Summer in the Sun

There is one easy way to enjoy a summer full of radiant sunshine, especially, if like me, you are British. The secret is to go abroad, leave behind the unpredictable and unforgiving British weather that we love to gripe about and fly, drive or sail to a country that has a more committed relationship with that great ball of gas in the sky.

And that is exactly what happened, a group of six of us , myself included, flew out to Zante (Zakynthos) for a week that promised to be full to the brim with frivolity and joyous occupations with Club 18-30. But this week was to be initially hampered by a two-hour delay departing from Gatwick. Alas we arrived, still filled with anticipation and now exhaustion, only to be pestered by our rep to purchase a two hundred and thirty euro package we could not live without. Having parted with the majority of our spending money we hit the pool.

This is what we had come for, glorious sunshine, cool water and a week of events that promised to provide the best nights out we could imagine. And for the most part it was delivered, two-hour free bars made up for the expense of the package, and at some points for the less then exciting themes for the nights (School Disco is done to death). The pool was ideal for a quick dip when it got too hot, or for a few games, the meals were well priced and the hotel reception was manned 24 hours a day, the benefit being they took your key when you went out so it could not be lost.

The perfect escape for a week, and whilst this might not be your ideal summer destination, although we did spend the day reading and relaxing, then there are plenty of places to soak up all that vitamin D. In short, camping trips don’t quite cut it any more, if you want a summer in the sun , even if it is only a weeks worth of summer, then grab your passport and jet set your way to a little happiness. I had an amazing week in great company, met some fantastic people and captured some memories that will stay with me for a long time. If that does not persuade you I don’t know what will, but if you do take my advice all I can say is: enjoy yourself ….. and don’t drink the tap water.

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Political Identity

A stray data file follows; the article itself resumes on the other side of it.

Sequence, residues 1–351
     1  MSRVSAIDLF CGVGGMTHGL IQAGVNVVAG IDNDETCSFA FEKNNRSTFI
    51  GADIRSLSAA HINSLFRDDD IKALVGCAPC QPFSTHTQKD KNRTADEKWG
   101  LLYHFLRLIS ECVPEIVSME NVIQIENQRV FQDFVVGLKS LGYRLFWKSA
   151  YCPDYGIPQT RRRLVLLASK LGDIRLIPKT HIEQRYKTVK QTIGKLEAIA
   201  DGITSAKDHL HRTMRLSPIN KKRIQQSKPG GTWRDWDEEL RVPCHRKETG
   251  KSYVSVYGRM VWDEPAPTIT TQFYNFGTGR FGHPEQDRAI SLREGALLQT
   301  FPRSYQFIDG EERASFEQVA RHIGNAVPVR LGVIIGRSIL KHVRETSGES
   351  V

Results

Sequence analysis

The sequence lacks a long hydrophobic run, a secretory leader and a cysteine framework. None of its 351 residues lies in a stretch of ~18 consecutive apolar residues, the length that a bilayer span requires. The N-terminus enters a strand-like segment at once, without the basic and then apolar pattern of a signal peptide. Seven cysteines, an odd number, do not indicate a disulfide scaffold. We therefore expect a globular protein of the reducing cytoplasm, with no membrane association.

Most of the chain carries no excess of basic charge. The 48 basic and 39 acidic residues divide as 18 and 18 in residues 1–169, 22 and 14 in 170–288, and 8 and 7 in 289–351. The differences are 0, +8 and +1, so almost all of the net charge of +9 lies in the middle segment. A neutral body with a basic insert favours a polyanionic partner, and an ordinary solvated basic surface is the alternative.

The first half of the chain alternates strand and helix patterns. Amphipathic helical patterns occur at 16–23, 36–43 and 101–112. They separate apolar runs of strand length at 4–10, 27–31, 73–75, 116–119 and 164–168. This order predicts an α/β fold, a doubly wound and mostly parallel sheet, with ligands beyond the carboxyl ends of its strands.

Political Identity is a concept that shapes our interactions with the political world, and is something that cannot be avoided. It harbours our political leanings, whether it be Party Allegiances, or whether we choose to ascribe to a political or ideological framework, such as Marxism or Liberalism.

It is often defined as “the general ‘pattern of orientations’ to political objects such as parties, government and the constitution, expressed in beliefs, symbols and values.” – Andrew Heywood.

It is formed relatively early, but Is susceptible to change as different circumstances and environments develop around us. Our political identities are shaped initially by Primary Agents (Overt forces of persuasion, such as, but not limited to, your parents) and then by Secondary Agents (More subliminal influences such as peer groups).

Primary Agents suggest that the political world cannot be separated from our personal spheres, the best example of this being a Primary Agent, known as a ‘locating agent’ – the Family. It is, at least to begin with, your family that teaches you who to obey, who and what to value, as well as the area of your life you draw your religious, class (potentially) and gender position in society. It is here that your political identity begins to spread its roots.

But how far do our families’ impact our view of political discourse? Personally it seems that my family life had little to do with it, I cannot say I even know the parties my parents support, for example. For others though, they may be raised in a very party focused family, similar to the way someone may have been brought up in a family savagely proud of a premiership side. These foundations are of course very important, but it is in the structure, the skyscraper of opinions you construct as you grow as a person that  nforms you of who you are politically.

Secondary Agents, your friends and colleagues, your peer groups and partners. This is where your views are challenged, changed and refined. It is only after you are asked,

“So why do you think that?”

“Why do you believe that?”

“Where do you ideas come from?”

Those questions that force you to stop and think, really think about why you believe so strongly in Liberal Democracy, or in the necessity of State intervention, that you can clearly define yourself as a political entity. Debate, being able to defend and convince others of your view point is an essential element in the development of an individual, a political group and ultimately a political identity.

So ask yourself , What defines you? What do you believe? But most importantly Why?